In looking at your chart of openings and closings of restaurants and approximating the number each during 2007-16, it looks like there are now 72 more restaurants here than in 2006.  I counted roughly 459 openings and 387 closings.  You will have the actual numbers that generated your chart.  How can they all stay in business?

Happy New Year!



That’s a great question and a good approximation! The actual number is a net gain of 70 restaurants in the last decade. Maybe readers could offer some ideas?


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6 Responses to QUESTION OF THE DAY

  1. Ken D says:

    Some ideas to explain more restaurants in S.B. with little population gain (?)…

    Generally people are eating out more and purchasing more prepared food to eat at home. Growing acceptance of different cuisines/flavors and service formats is leading to more diversification of the restaurant market:

    1. More specialty menu focus, e.g. small plate, specialty Asian (noodle, ramen, etc), tapas, BBQ, healthy, etc.
    2. Smaller operations that can survive with either lower avg. sales volume (e.g. fast-casual w/ counter and sit-down service), or high average check (e.g. gourmet chef-inspired).
    3. More foodservice offerings at bars, hotels, public market, etc.
    4. Walk-ups and pop-ups.

    All good trends meaning more choices for residents and tourists, and sustained health of the local restaurant market.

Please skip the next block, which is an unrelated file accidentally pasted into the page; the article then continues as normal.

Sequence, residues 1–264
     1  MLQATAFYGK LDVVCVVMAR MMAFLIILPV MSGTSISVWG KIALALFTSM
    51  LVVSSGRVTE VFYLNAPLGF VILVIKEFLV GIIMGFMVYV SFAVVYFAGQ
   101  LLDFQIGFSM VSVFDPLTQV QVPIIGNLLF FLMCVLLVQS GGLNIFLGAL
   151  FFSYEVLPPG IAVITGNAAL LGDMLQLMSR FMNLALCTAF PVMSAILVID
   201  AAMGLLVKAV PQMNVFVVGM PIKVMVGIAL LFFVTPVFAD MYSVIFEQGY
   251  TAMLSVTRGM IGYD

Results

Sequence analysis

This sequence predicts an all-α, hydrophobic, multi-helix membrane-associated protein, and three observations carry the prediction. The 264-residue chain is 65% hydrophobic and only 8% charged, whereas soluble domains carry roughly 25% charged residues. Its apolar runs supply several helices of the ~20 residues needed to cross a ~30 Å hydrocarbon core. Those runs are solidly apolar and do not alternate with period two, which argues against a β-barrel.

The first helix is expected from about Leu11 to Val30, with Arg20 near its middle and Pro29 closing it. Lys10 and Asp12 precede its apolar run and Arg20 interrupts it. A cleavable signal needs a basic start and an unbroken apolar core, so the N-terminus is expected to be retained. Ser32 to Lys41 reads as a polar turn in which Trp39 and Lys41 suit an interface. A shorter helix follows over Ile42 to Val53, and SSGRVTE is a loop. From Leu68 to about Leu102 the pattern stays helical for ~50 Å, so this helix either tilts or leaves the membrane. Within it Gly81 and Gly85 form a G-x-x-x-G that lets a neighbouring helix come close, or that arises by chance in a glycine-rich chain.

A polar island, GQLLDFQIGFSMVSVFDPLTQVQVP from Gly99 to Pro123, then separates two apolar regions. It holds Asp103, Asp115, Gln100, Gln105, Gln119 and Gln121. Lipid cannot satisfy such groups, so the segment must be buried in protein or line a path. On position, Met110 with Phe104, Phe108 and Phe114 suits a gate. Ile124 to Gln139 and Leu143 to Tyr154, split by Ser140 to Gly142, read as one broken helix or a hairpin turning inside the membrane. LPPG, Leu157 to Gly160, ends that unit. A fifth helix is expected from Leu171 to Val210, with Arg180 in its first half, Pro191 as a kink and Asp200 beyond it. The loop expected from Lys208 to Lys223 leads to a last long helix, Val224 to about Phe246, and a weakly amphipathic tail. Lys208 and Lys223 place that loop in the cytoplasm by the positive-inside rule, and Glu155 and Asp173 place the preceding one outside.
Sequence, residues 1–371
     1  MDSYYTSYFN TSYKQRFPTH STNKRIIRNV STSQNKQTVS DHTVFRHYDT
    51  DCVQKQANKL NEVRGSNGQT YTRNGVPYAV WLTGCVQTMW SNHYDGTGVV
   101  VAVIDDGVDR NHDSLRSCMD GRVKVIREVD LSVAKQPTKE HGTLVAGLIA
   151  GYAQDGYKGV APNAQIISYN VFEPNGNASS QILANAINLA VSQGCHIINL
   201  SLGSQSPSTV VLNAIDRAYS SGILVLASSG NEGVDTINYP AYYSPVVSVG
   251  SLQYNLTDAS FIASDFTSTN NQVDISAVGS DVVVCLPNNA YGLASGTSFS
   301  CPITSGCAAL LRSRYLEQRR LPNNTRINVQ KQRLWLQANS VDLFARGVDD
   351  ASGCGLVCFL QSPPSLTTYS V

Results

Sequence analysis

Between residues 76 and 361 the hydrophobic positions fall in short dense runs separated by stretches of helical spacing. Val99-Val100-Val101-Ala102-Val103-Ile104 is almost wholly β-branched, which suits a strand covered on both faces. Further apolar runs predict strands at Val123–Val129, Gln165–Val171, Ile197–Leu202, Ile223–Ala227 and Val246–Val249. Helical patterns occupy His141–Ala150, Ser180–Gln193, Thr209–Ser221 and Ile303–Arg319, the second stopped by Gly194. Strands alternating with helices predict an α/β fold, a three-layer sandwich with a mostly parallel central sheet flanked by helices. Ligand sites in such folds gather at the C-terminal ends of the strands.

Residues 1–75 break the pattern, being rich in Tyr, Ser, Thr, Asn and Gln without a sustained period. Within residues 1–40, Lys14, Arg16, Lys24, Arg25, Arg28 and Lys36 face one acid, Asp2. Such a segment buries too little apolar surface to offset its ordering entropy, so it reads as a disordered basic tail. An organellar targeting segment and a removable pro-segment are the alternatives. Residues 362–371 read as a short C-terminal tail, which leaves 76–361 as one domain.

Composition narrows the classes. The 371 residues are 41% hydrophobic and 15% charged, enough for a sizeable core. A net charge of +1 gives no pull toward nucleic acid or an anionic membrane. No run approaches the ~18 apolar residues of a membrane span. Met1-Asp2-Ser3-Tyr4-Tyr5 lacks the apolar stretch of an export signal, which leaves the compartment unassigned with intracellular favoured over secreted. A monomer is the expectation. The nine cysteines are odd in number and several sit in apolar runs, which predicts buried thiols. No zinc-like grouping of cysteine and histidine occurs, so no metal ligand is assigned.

Ken D.

  2. Whirl says:

    I’m not sure the math works out correctly when there are several locations that have turned over multiple times, sometimes in the same year. But we do have some new areas like the Funk Zone and the Hollister Park out past Camino Real Marketplace that have definitely added new locations beyond just turning over old ones.

  3. Foodie Dan says:

    Well, the economy has improved, extra money for food out. A lot of new building being done. 2017 will be interesting.

  4. Brendan says:

    It would be interesting to see stats on the longevity of places that have opened in the last 10 years. I’m assuming these numbers include everything in the guide, not just actual restaurants? So some of it may be a trickle of new things like coffee shops opening in places that previously had non-food retail.

    I do think certain places have seen particularly large concentrations of new eateries. The SB Public Market alone has added at least 5 (not counting a couple that closed and have yet to be replaced, and also not counting places like Rori’s that don’t sell “real food”). The Funk Zone has probably added at least 3 or 4 (although also lost at least one).

    Tourism has ramped up in the waterfront/Funk Zone area as the Funk Zone wine-tasting scene has exploded as a destination for weekenders. Cruise ship visits have also increased substantially in the past few years. So there is steady demand for places to eat. But I’m curious what physical space these new places occupy. Aside from concentrated areas of new construction (like SBPM or the Funk Zone), I can think of several restaurants that closed down and were replaced by non-food businesses, but it’s hard to think of many that did the reverse (except for coffee shops and such places with more limited food offerings).

  5. LoFiGirl says:

    All this and STILL no good vegan restaurants. Not enough vegan and vegetarian options for a coastal California town. Not good. We need some good natural food, and now that the Soj is gone it’s just Natural Cafe? Last time I ate at Natural Cafe it was awful, bland, no flavor, so undercooked as to be nearly raw. Really bad. Someone please step in and give us a good veggie/vegan friendly restaurant! We NEED it.

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